M is for Motivation – Romance Writing from A to Z
It has been said by many that to write a riveting story, your character must have a great Goal, Motivation and Conflict (GMC). As such, there must be a strong GMC in each character, scene or chapter. Having a strong motivation for your character’s choices is on way to set your novel apart from the others. Knowing the GMC of your book and characters will not only help you write an awesome novel, but will come in handy when it’s time to write that pesky blurb or synopsis. When I first started writing, I got confused between the goal and the motivation, so I’ll outline the differences below.
How is the motivation different to the goal?
The goal is what your character wants, and the motivation is why your character wants it. So, think about the stakes and what will happen if she/he doesn’t achieve her goal. To help you understand, you can put the word ‘because’ in between your two sentences (one sentence for goal, one for motivation). I’ll take an example from my Urban Fantasy novel, Soul Thing: Roo wants to be left alone because if her mysterious powers are discovered, she’ll end up burned at the stake. Then you can add the ‘but’ which signifies the conflict (what stops the character from achieving her goals). So my sentence would then become: Roo wants to be left alone because if her mysterious powers are discovered, she’ll be burned at the stake, but when a witch publicly attacks, she must expose her powers to survive.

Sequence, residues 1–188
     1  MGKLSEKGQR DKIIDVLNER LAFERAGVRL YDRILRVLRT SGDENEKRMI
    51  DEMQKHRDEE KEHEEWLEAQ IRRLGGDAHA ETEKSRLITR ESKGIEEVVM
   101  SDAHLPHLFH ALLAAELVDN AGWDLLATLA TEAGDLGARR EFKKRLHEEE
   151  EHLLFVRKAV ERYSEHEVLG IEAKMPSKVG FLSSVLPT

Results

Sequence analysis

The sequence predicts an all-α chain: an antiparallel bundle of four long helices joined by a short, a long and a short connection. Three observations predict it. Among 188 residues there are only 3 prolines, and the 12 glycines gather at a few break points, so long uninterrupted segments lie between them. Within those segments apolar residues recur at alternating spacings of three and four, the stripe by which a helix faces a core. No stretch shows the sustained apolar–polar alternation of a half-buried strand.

Motivation is what makes a goodie or a baddie
Robin Hood steals, but his motivations are to feed the poor. Your bad-boy CEO might be a jerk, but it’s because he’s been hurt so many times he’s only trying to protect his heart. Okay, that was a bad example, I hope you can come up with something more original. Think about your favorite books and movies, and write down the main hero and heroine’s motivations. Like Robin Hood, having a goal and motivation that seem like their opposites can have an intriguing effect. The same goes for your baddie. Perhaps your baddie is trying to create peace on earth, but when you dig deeper, you discover their motivation is to rule over the new mindless hoard.
Nailing your motivation will help you stick in character
As your book progresses, you can constantly return to that motivation to keep the plot moving forward. Motivations can change throughout a book, but choose this detour wisely. Would Harry Potter be the same if he decided half way through that he doesn’t want to end Voldemort because he changed his mind? If your character doesn’t have a strong motivation, there is nothing driving them to make choices, instead the events of the plot happen to them, making a passive and boring character.
Romance Note on Motivations
If your hero and heroine have differing motivations or goals, it makes for interesting conflict. For example, your hero wants to bulldoze a forest because his career is riding on the development he plans to put up. Your heroine wants to save the forest because it’s the only place that grows a herb she’s discovered that will ease the suffering of her grandmother. Pit these two differing goals and motivations together, and you’ve got explosive tension and conflict.
Don’t let your character fall flat, give them a strong motivation that drives the story forward.